Idocrase Gemstone Information
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About Idocrase - History and Introduction
Idocrase is a rare gemstone, usually found in shades of green and sometimes yellow-brown or pale blue. It belongs to the silicate group of minerals, defined specifically as a calcium-aluminum-silicate. In most cases, the name 'idocrase' is used when referring to the gemstone form, while 'vesuvianite' is used more in reference to its rough crystal form. The name 'vesuvianite' was derived from Mt. Vesuvius, the name of the volcano of where idocrase was first discovered.
The name 'idocrase' comes from the Greek words 'eidos' and 'krausis' which respectively translate as 'form' and 'mixture'; in reference to its crystals, which often exhibit a mixture of other mineral forms. Idocrase was first identified in 1795 by renowned German gemologist, Abraham Gottlob Werner. Werner was also the first to discover chrysoberyl, another very important gemstone and mineral group most famous for its cat's eye and rare color-change variety. Werner was also the mentor of Friedrich Mohs, the creator of the 'Mohs scale of hardness' which is still the definitive scale used today.
Identifying IdocraseBack to Top
Gemologically, idocrase is a complex mix of metals, oxygen, hydrogen and fluoride, which is classified as a calcium aluminum silicate. Its specific gravity ranges from 3.32 to 3.47, approximately the same as tanzanite. Idocrase has a refractive index of 1.700 to 1.723, slightly lower than spinel and garnet. It is slightly softer than quartz, rating 6.5 on the Mohs scale of hardness. Idocrase crystals form in a tetragonal structure. Massive forms are common and it can often be very difficult to distinguish from grossular garnet. However, grossular garnet is much harder and its crystals are true dodecahedral crystals rather than tetragonal crystals.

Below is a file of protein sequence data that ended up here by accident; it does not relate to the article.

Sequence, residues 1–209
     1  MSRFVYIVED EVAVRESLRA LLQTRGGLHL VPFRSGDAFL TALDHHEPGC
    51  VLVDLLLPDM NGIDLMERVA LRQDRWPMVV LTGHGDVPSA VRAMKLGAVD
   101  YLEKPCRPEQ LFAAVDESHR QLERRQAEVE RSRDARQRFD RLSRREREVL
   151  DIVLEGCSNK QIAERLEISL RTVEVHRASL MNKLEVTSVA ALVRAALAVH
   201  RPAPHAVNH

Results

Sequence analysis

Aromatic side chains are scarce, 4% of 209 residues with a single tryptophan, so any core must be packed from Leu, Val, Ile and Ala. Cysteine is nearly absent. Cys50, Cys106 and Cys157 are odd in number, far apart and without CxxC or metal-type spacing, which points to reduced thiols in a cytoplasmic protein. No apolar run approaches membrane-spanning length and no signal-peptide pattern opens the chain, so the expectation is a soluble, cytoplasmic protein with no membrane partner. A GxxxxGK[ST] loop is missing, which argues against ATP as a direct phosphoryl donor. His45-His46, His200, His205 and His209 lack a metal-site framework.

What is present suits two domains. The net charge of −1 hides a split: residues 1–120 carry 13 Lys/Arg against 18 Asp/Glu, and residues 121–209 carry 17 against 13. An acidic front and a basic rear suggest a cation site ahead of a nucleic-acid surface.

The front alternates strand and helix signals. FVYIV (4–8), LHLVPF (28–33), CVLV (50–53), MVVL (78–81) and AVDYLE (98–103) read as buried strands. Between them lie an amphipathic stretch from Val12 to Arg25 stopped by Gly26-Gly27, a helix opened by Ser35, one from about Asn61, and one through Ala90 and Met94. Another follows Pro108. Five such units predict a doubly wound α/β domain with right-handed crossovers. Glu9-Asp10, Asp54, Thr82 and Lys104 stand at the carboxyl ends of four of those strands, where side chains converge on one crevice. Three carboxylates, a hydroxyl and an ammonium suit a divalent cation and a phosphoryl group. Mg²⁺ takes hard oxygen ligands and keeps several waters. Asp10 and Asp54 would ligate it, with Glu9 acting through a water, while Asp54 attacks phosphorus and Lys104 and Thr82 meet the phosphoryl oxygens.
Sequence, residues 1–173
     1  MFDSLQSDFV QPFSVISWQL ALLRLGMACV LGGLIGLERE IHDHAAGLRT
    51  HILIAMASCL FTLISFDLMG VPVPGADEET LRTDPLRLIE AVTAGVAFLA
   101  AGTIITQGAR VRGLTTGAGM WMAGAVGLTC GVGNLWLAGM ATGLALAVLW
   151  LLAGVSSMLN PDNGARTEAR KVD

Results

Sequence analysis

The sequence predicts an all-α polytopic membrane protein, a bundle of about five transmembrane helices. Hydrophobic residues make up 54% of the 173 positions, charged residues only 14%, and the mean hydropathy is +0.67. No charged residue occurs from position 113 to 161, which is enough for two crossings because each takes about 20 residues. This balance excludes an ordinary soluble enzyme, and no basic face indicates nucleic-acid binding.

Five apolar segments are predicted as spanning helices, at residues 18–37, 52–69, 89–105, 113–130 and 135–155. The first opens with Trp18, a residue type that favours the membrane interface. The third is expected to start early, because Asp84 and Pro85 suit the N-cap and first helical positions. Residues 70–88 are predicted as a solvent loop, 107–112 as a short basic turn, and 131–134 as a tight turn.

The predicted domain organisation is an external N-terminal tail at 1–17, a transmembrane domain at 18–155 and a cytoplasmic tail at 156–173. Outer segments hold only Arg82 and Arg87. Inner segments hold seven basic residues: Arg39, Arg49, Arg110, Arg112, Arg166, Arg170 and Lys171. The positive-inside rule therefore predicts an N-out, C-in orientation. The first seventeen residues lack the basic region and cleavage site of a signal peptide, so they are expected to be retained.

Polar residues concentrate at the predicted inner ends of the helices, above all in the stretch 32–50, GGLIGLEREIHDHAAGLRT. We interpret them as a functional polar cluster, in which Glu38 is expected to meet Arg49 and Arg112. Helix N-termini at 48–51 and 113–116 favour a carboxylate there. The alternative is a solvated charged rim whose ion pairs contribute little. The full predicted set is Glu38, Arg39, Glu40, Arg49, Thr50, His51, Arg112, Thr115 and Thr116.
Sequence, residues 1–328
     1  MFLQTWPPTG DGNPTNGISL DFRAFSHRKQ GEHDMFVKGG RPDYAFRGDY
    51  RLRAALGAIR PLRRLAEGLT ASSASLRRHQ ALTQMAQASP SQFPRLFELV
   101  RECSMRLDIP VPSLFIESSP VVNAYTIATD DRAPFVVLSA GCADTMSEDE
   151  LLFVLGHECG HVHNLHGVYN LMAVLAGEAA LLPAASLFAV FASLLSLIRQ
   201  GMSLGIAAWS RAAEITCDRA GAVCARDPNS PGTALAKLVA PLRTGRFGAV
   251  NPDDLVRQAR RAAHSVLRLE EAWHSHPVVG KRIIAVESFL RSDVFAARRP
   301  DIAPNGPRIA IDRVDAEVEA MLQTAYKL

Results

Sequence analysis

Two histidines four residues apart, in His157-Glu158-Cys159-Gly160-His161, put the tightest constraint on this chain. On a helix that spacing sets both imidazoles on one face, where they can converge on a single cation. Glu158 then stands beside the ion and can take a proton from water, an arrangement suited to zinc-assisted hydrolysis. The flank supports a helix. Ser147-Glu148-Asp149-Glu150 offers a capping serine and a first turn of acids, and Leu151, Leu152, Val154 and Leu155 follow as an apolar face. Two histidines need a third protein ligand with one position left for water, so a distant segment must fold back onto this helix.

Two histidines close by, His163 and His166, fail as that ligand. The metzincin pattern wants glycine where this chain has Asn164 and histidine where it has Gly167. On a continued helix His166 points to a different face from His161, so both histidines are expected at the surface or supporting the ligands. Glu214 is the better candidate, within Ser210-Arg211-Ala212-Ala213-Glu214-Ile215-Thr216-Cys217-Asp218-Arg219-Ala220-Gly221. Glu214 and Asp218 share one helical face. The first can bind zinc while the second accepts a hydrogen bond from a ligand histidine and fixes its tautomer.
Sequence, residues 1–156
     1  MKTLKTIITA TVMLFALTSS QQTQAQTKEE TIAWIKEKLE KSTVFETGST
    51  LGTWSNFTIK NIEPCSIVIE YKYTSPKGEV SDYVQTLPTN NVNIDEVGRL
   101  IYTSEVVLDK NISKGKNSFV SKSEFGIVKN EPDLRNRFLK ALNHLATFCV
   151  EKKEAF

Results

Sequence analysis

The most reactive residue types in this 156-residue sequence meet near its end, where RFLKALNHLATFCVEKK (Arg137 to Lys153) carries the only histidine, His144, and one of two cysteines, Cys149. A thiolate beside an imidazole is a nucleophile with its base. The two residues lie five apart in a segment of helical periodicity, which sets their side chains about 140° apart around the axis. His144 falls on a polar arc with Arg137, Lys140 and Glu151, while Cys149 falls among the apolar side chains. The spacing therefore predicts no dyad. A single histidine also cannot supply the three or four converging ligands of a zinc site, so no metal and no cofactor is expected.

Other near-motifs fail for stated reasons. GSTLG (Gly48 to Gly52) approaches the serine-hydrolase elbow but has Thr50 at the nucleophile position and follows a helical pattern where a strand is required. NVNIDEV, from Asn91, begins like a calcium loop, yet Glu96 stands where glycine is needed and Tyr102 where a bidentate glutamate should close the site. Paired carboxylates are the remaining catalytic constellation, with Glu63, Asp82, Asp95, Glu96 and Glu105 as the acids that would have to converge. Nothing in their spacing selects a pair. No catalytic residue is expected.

Idocrase Origin and SourcesBack to Top
Idocrase or vesuvianite is found in a number of locations in the world. It is known to form in skarn (silicate gangue or waste rock) and limestone deposits through the geological process of contact metamorphism. Some of the most notable gem-quality deposits come from Quebec, Canada and Mt. Vesuvius in Italy. Other notable sources include the Ural Mountains of Russia as well as China, Norway, Pakistan, Sweden, Switzerland, Kenya, Tanzania and the United States (California, Arkansas, Maine, Vermont and New Hampshire).
The more recent finds of Kenyan and Tanzanian materials have brought some very nice transparent gem quality stones to the market, albeit in very limited quantities. California (USA) produces a green cabochon grade material often marketed as 'Californite' or by the misleading name 'California jade' (owing to its strong resemblance to jade). The Jeffrey Mine in Quebec, Canada produces a fine facetable, yellow-green material, as well as a chromium-rich emerald-green variety and an extremely rare, violet to lilac colored variety of idocrase.
Buying IdocraseBack to Top
Idocrase Gemological Properties:Back to Top
Please refer to our Gemstone Glossary for details of gemology-related terms.
Idocrase: Similar Gemstones:Back to Top